Medicare is a federal health insurance program in the United States that provides coverage to individuals who are aged 65 and older, individuals with certain disabilities, and individuals with end-stage renal disease. The program was signed into law by President Lyndon B. Johnson in 1965 and has since become an important part of the social safety net for millions of Americans.
Medicare is funded by a combination of payroll taxes, general revenue, and premiums paid by beneficiaries. The program is administered by the Centers for Medicare & Medicaid Services (CMS), a division of the Department of Health and Human Services.
The Medicare program is divided into several parts, each of which covers different types of healthcare services:
Part A: Hospital Insurance Medicare Part A provides coverage for inpatient hospital stays, skilled nursing facility care, hospice care, and some home health care services. Most people who have paid Medicare taxes during their working years are eligible for Part A without paying a monthly premium.
Part B: Medical Insurance Medicare Part B provides coverage for doctor visits, outpatient care, preventive services, and medical equipment. Beneficiaries must pay a monthly premium for Part B coverage, as well as an annual deductible and coinsurance.
Part C: Medicare Advantage Medicare Advantage plans are offered by private insurance companies that contract with Medicare to provide Part A and Part B benefits, as well as additional benefits such as vision, hearing, and dental care. These plans may require beneficiaries to pay a lower monthly premium, but typically offer much higher out-of-pocket costs than traditional Medicare with a Medicare supplement plan.
Part D: Prescription Drug Coverage Medicare Part D provides coverage for prescription drugs. Beneficiaries must enroll in a Part D plan offered by a private insurance company, and they typically pay a monthly premium, an annual deductible, and coinsurance or copayments for each prescription.
In addition to these parts, Medicare also covers certain preventive services at no cost to beneficiaries, such as annual wellness visits, screenings for certain cancers and diseases, and flu shots.
It’s important to note that Medicare does not cover all healthcare services. For example, it does not cover long-term care, most dental care, most eye exams, hearing aids, or cosmetic surgery. In some cases, beneficiaries may need to pay out of pocket for these services or purchase additional insurance coverage.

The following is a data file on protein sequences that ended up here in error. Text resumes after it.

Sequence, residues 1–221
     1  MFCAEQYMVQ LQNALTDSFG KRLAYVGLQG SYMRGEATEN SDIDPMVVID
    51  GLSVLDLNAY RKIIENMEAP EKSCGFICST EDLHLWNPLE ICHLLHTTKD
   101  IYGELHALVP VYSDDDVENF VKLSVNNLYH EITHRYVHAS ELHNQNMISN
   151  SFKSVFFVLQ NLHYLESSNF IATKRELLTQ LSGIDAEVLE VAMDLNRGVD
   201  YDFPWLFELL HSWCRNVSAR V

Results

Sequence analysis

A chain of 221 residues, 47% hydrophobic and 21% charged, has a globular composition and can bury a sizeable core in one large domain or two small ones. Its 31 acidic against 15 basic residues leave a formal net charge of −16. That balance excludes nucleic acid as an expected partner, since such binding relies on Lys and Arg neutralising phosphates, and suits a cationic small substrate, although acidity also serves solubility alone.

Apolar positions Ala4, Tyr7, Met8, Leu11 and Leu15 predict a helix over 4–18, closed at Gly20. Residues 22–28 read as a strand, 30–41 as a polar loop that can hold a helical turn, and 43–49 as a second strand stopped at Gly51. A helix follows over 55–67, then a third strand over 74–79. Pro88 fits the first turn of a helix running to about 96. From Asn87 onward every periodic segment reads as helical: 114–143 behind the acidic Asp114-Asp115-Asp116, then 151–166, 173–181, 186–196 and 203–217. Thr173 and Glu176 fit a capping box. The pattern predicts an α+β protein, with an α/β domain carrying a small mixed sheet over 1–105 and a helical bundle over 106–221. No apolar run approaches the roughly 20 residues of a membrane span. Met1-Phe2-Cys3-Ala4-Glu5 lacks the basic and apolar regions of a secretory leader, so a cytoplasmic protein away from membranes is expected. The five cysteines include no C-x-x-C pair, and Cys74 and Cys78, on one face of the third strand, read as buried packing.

Medicare also has certain eligibility requirements. To be eligible for Medicare, you must be 65 years or older, or have a qualifying disability, or have end-stage renal disease. If you meet the eligibility criteria, you can enroll in Medicare during certain enrollment periods.
The Initial Enrollment Period (IEP) is a seven-month period that begins three months before your 65th birthday month and ends three months after your birthday month. If you are receiving Social Security benefits, you will automatically be enrolled in Medicare Part A and Part B during your IEP. If you are not receiving Social Security benefits, you must sign up for Medicare during your IEP.
The General Enrollment Period (GEP) is a period from January 1 through March 31 each year for people who did not enroll in Medicare during their IEP. If you enroll during the GEP, your coverage will not begin until July 1 of that year, and you may be subject to a late enrollment penalty.
The Annual Enrollment Period (AEP) is a period from October 15 through December 7 each year when beneficiaries can make changes to their Medicare coverage for the following year. During this period, beneficiaries can switch from Original Medicare to a Medicare Advantage plan, switch from one Medicare Advantage plan to another, or enroll in or make changes to their Part D prescription drug coverage.
In addition to these enrollment periods, beneficiaries may also be eligible for special enrollment periods if they experience certain life events, such as moving to a new area or losing employer.
Have more questions about Medicare or a Medicare Supplement Insurance Plan? Here’s why you should contact an expert today: Top 5 Reasons to Call a Medicare Supplement Insurance Agent
By David Lasman – “Ask Medicare Dave” | President – Senior Healthcare Team
wwww.SeniorHealthcareTeam.com | 866-333-7340
Selecting the right healthcare plan through Medicare can be overwhelming and downright stressful. Senior Healthcare Team is a nationwide resource that provides guidance and support about Medicare to seniors at no cost to them and helps them to choose the most suitable insurance plan tailored to their specific needs and budget. Our goal is to educate and empower our clients to make the best decisions regarding their healthcare and clear up the confusion of Medicare. At Senior Healthcare Team, we aren’t partial to any one insurance company. Our loyalty is to our clients and our mission is to provide them with the best healthcare options at the very lowest cost.